Why so many workers retire earlier than planned

Half or more of all U.S. workers retire earlier than they had planned. The Retirement Confidence Survey from the Employee Benefit Research Institute (EBRI) reports that nearly one out of two -- 49 percent -- of retirees left the workforce earlier than they had planned. That finding is consistent with a recent report from Merrill Lynch/Age Wave that reports more than half -- three out of five -- retirees say they retired earlier than they had expected.

The reasons for these earlier retirements reflect the range of events and circumstances that people experience in their later years. The EBRI survey reports both positive and negative reasons for people retiring earlier than planned. On the positive side, 26 percent said they were able to afford an earlier retirement, and 19 percent just wanted to do something else.

Among the negative reasons:

  • 61 percent cited health reasons
  • 18 percent cited changes at their company, such as downsizing or layoffs
  • 18 percent needed to care for a spouse or family member
  • 7 percent said the skills needed for their job changed

According to the Merrill Lynch/Age Wave report, the reasons respondents gave for early retirement were, in order of prevalence:

  • 34 percent reported personal health problems
  • 27 percent accumulated sufficient financial resources to retire
  • 24 percent lost their job
  • 16 percent wanted to spend more time with family
  • 10 percent needed to care for a family member

That raises the question of what you can do to minimize the financial and emotional damage that could result from early retirement. Here are some steps to take, the same ones you would take to plan for a satisfying retirement:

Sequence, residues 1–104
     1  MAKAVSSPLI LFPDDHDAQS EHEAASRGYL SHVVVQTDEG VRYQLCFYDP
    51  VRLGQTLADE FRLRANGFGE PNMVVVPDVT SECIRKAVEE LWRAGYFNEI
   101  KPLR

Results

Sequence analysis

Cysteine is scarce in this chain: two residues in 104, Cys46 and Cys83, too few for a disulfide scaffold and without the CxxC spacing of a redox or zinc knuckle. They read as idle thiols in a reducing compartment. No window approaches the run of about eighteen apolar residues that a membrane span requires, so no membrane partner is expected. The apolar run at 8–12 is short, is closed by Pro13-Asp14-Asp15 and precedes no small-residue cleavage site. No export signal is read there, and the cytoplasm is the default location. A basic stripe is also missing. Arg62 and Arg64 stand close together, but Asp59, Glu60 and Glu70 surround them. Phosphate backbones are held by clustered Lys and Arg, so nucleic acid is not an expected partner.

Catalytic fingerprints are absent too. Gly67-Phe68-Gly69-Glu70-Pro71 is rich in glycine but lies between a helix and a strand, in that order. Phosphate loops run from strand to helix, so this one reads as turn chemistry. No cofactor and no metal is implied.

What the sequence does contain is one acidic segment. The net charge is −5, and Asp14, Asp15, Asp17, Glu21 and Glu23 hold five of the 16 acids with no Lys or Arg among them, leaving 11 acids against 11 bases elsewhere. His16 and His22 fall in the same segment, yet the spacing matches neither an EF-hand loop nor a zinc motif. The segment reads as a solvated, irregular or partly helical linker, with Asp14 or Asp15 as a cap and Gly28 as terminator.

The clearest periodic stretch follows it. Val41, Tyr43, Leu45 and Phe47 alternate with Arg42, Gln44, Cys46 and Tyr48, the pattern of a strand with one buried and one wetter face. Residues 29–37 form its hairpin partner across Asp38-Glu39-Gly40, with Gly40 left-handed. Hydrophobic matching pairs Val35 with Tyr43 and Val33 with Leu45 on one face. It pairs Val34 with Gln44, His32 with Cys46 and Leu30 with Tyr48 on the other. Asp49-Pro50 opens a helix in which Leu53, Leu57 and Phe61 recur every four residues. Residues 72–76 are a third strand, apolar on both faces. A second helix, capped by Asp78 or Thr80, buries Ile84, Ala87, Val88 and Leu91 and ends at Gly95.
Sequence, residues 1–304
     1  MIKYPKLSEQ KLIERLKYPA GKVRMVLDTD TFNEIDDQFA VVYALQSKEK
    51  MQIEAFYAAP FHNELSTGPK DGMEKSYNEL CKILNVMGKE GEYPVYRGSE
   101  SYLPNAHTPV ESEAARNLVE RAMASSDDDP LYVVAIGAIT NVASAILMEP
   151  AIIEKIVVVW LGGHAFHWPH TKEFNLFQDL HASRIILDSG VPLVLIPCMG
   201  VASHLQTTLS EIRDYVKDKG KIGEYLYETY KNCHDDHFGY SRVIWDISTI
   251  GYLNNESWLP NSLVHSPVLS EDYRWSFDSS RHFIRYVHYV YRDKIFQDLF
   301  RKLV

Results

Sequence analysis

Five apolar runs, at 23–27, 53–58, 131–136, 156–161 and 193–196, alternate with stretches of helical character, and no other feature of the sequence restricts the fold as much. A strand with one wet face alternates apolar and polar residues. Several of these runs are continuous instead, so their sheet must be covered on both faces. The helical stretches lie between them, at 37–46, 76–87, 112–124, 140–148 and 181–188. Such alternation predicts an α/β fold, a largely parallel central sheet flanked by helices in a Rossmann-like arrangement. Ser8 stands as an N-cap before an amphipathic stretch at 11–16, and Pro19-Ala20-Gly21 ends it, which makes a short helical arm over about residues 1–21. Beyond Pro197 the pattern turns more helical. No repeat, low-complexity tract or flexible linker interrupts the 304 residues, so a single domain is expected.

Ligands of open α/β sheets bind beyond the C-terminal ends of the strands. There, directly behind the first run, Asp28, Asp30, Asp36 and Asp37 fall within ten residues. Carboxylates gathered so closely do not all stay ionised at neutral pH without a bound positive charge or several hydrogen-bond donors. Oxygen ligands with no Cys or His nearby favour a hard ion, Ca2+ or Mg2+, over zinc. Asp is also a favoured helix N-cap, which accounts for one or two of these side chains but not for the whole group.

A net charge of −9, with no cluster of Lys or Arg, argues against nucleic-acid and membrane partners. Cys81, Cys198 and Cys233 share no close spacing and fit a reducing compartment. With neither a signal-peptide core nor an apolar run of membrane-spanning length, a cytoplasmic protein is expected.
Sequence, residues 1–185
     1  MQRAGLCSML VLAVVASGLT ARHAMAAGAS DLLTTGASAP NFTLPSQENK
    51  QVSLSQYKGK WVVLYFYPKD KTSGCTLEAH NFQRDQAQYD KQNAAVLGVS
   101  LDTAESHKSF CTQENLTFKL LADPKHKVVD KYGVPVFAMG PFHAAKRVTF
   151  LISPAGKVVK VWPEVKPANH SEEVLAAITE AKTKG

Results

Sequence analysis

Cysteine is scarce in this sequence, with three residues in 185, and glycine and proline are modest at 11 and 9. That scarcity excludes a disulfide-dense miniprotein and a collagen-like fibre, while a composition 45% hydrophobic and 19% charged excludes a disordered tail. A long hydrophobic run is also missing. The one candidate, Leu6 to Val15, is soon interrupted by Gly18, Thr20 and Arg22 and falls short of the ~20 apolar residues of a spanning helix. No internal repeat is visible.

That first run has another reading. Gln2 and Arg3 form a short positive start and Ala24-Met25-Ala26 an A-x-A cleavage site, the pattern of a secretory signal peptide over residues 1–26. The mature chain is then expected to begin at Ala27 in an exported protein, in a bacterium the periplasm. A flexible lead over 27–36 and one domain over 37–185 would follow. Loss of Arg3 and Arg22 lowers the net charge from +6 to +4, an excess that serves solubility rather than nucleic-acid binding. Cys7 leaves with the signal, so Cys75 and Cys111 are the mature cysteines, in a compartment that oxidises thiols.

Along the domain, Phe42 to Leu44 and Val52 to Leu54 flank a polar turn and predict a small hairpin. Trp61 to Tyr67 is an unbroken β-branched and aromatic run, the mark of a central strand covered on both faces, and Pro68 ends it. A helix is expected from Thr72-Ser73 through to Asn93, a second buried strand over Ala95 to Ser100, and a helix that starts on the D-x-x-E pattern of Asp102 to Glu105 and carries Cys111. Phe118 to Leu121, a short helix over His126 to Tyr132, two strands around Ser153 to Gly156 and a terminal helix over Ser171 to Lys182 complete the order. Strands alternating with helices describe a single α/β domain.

• Take care of your health
  • Save for retirement
  • Control your spending
  • Keep your job skills and contacts up-to-date
  • Nurture a rich social network

It may sound like a tall order, but if you take it one step at a time, you'll make significant progress in the months and years to come. And if you find yourself unexpectedly out of work, you'll be in better shape with money in the bank, no credit card debt, good health, a supportive network of family and friends, and realistic hope for finding new work.

While I'm a big fan of planning ahead, the reality is that you can't prevent every possible unfortunate event that can happen, such as a family member needing care, getting laid off or an unavoidable health condition.

Often the best you can do is to take reasonable and realistic steps to improve your financial, physical and social health, and find the resilience to bounce back when life deals you a tough hand.

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    Steve Vernon helped large employers design and manage their retirement programs for more than 35 years as a consulting actuary. Now he's a research scholar for the Stanford Center on Longevity, where he helps collect, direct and disseminate research that will improve the financial security of seniors. He's also president of Rest-of-Life Communications, delivers retirement planning workshops and authored Money for Life: Turn Your IRA and 401(k) Into a Lifetime Retirement Paycheck and Recession-Proof Your Retirement Years.